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Fx 10+ "Make Add-ons Compatible by Default" (Was sticky)

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rob64rock

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Post Posted August 6th, 2011, 9:41 am

Proposal by Justin Scott, Make Add-ons Compatible by Default
Proposal Overview:
Firefox's switch to rapid releases has been stressful for add-on developers. Add-ons not hosted on AMO are especially pained, as they must update compatibility every 6 weeks without the benefit of automatic compatibility bumping.

Since the release of Firefox 4 and 5, we've learned that there are many more non-hosted Add-ons than we previously thought, mostly those installed by other software. Whether users make use of these Add-ons or not, seeing an incompatible add-on prevents many users from upgrading to new versions of Firefox.

More than 90% of Add-ons are compatible from one version of Firefox to the next, and the ones that aren't usually have binary components that will need to be recompiled every release. If we change the default compatibility assumption, we can reduce the action needed to only the very small number of Add-ons broken by the new release, rather than 100% of add-on developers.

We would move to a model where Firefox assumes Add-ons are compatible unless they have binary components, the author has explicitly said to strictly observe stated compatibility, or it is reported to AMO as incompatible through the Add-on Compatibility Reporter.

It's possible and likely we will occasionally enable add-ons that don't actually work, but as we omit add-ons with binary components, this should not cause crashes and users will simply not have the functionality they expect, and will complain to the add-on author.

This process would not remove the need for AMO's automatic compatibility bumping, as it's still preferred for authors to be aware of changes in Firefox and learn about upcoming deprecations and other changes.

Soliciting feedback at Google groups - mozilla.dev.extensions:
http://groups.google.com/group/mozilla. ... 7c18f037d#

  • Note: New Info posted here:
viewtopic.php?f=23&t=2272397&p=11787923#p11787923
Last edited by rob64rock on March 2nd, 2012, 2:53 am, edited 3 times in total.

Matt Lynch
 
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Post Posted August 6th, 2011, 11:11 am

I personally think this is a good idea - I've had compatibility checking disabled since the Aurora 5a2 builds and have never had any add-ons that didn't work as expected.

rob64rock

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Post Posted August 6th, 2011, 11:31 am

Matt Lynch wrote:I personally think this is a good idea - I've had compatibility checking disabled since the Aurora 5a2 builds and have never had any add-ons that didn't work as expected.

I agree I have a total of 15 incompatible extensions that didn't get an automatically compatibility bump for Fx 6, that still work fine without problems even on the latest Aurora and Nightly builds. I just hope this new proposal includes extensions for earlier Fx versions that have been abandoned or never got marked for Fx 4 compatibility that end up not being able to qualify for the AMO site new automatic compatibility bumps.

Also, Justin Scott proposal would most likely need to exclude Custom Themes on AMO site, so there would still be a need for ACR extension after all and the fact his proposal also depends on the metadata that the ACR extension sends back to the AMO site.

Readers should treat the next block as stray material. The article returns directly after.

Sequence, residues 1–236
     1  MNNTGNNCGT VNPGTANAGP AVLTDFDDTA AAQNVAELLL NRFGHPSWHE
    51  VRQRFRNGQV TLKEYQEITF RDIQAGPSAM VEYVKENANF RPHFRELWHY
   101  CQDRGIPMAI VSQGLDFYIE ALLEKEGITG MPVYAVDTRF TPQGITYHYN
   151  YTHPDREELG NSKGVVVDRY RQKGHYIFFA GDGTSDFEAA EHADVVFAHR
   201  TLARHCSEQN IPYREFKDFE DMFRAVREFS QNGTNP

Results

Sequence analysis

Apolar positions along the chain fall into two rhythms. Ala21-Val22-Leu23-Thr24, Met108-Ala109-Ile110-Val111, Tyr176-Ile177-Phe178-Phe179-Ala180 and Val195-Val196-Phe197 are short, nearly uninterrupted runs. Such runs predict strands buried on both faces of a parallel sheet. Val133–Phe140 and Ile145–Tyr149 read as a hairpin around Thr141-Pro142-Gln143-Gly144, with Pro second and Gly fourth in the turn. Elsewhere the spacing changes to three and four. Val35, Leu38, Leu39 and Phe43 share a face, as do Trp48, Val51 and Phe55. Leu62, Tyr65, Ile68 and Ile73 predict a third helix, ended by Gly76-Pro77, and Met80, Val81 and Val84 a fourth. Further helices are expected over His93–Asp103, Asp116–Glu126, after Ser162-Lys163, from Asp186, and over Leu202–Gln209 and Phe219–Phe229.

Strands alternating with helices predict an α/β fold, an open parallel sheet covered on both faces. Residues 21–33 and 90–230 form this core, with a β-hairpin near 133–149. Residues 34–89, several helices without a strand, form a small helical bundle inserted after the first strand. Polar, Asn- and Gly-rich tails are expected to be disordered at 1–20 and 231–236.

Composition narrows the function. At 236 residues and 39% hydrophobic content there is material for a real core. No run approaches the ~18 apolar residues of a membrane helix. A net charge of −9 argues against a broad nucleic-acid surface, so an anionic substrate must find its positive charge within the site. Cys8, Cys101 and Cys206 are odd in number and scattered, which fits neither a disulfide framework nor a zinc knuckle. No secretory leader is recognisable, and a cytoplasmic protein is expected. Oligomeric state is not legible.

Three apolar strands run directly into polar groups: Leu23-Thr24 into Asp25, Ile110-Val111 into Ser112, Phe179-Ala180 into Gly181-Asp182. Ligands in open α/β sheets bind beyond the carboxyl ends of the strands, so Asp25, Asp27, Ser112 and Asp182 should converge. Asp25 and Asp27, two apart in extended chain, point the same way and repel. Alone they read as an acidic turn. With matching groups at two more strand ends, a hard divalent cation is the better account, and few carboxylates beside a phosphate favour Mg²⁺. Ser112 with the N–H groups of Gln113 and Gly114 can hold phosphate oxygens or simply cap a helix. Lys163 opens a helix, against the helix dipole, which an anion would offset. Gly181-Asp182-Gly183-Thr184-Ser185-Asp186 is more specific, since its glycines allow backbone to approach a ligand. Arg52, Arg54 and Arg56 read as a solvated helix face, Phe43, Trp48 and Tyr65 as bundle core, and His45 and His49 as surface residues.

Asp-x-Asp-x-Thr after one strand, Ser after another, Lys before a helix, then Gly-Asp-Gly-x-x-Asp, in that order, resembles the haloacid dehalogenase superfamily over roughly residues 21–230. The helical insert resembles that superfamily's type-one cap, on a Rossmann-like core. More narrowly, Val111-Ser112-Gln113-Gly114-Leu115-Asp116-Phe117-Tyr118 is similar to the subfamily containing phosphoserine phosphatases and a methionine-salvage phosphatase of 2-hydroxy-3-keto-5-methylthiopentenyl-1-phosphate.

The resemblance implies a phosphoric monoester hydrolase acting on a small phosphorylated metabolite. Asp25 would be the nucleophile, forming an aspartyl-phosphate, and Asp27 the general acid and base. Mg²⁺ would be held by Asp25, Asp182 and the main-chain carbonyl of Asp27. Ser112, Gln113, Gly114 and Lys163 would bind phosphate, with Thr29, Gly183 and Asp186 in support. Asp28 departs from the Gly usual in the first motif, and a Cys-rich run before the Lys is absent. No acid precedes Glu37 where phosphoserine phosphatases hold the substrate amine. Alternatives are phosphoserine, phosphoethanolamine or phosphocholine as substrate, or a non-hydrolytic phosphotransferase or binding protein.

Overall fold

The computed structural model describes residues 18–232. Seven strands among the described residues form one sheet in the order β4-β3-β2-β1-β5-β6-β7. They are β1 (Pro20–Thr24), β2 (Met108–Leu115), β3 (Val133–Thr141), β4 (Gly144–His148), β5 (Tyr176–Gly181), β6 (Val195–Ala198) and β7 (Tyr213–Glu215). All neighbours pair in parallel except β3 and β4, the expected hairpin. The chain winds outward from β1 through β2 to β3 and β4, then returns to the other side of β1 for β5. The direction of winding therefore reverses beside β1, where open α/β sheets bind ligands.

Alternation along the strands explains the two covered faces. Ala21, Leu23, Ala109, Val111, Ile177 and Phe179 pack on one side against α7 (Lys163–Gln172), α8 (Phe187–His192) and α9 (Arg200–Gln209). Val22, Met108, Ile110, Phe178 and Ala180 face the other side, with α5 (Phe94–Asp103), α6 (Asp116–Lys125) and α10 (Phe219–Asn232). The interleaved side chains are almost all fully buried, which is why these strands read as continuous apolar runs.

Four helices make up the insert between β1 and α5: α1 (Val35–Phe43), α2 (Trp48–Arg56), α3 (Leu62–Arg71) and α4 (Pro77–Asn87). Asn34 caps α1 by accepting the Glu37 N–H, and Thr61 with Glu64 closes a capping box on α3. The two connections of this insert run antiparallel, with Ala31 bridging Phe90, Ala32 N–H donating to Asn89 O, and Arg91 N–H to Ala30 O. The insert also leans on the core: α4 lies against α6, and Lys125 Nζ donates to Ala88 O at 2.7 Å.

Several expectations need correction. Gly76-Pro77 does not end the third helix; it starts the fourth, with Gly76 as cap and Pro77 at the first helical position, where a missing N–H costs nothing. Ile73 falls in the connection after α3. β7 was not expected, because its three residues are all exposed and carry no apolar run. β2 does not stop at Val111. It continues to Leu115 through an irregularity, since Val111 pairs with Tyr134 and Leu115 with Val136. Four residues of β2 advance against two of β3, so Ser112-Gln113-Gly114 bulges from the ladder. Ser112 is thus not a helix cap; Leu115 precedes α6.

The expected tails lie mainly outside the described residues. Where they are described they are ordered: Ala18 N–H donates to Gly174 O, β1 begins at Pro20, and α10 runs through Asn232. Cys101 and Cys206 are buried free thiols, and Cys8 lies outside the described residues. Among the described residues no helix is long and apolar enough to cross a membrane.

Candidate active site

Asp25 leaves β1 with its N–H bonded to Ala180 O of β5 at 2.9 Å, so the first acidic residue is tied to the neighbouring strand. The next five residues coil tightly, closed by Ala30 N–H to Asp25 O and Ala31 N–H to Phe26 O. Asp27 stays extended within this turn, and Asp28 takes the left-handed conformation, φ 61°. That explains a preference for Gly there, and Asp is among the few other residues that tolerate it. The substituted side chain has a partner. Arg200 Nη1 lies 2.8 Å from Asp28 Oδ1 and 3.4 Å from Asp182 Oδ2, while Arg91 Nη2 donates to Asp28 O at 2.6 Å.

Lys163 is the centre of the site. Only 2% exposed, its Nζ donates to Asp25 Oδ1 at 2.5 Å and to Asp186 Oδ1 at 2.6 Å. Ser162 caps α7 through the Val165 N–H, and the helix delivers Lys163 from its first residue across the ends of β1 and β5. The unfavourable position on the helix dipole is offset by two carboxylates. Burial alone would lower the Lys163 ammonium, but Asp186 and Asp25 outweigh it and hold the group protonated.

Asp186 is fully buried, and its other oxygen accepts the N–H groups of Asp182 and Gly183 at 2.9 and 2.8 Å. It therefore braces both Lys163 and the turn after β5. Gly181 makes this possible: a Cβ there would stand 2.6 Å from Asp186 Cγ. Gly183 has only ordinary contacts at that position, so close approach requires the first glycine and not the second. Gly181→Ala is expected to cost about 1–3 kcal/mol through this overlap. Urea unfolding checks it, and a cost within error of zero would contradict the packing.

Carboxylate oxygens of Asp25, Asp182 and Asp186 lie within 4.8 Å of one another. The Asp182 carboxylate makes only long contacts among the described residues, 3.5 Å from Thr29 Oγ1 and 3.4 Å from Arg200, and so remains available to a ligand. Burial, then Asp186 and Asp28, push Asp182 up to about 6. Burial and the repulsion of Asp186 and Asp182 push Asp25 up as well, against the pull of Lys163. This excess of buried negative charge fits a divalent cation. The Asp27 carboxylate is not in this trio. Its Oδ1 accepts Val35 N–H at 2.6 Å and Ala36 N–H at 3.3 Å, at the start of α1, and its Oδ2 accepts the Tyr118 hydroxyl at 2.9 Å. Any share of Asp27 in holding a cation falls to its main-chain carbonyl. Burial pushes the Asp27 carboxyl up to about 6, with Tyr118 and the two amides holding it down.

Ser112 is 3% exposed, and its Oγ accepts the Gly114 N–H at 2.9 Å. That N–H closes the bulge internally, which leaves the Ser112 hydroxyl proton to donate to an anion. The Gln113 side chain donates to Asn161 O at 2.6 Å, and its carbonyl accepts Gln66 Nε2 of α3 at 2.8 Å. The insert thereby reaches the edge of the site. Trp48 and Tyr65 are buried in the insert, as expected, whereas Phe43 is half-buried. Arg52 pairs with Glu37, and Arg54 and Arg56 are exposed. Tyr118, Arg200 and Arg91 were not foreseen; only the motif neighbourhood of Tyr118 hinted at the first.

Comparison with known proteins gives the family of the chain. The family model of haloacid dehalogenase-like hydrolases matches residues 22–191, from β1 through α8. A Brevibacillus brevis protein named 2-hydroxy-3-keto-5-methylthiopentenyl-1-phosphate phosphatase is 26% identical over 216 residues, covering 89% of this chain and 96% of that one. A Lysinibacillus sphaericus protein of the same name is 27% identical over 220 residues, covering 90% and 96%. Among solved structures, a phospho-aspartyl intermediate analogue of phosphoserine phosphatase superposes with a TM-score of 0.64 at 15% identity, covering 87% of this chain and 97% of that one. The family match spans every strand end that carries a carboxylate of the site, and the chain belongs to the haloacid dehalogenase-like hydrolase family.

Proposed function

Last edited by rob64rock on August 6th, 2011, 11:59 am, edited 4 times in total.

RyanVM
 
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Post Posted August 6th, 2011, 11:34 am

Makes sense to me. With 18 weeks between nightly, aurora, and beta, I would think any compatibility issues would have plenty of time to be resolved prior to final release. Better to get testing as soon as possible in the mean time. Also, should ACR be bundled by default with all nightly, aurora, and beta builds?

rob64rock

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Post Posted August 6th, 2011, 11:40 am

RyanVM wrote:Makes sense to me. With 18 weeks between nightly, aurora, and beta, I would think any compatibility issues would have plenty of time to be resolved prior to final release. Better to get testing as soon as possible in the mean time. Also, should ACR be bundled by default with all nightly, aurora, and beta builds?

I figure if Justin Scott proposal is implemented Mozilla's next step maybe to integrate ACR extension into Fx or bundle it with nightly, aurora, and beta builds. There has been talk in the past about bundling ACR extension with nightly, aurora, and beta builds, but someone in Mozilla always says it's not going to happen, but we will have to wait and see if that is still the case after this proposal is implemented.

James
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Post Posted August 6th, 2011, 12:36 pm

It should be "Make Extensions Compatible by default" as I believe they were not referring to Themes, Plugins and such also. Also wish the article referred to what they are referring to and not use the word addons as if it is a word used in place of Extensions
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Post Posted August 6th, 2011, 4:52 pm

It will be dream come true for users living on the edge (using Nightly channel). Mostly addons will work out of the box (few exceptions). This is great!!

malliz
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Post Posted August 6th, 2011, 5:02 pm

I think it's a cop out. Mozilla painted themselves into a corner with the rapid release system and now they are trying for a quick fix.
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Post Posted August 6th, 2011, 5:29 pm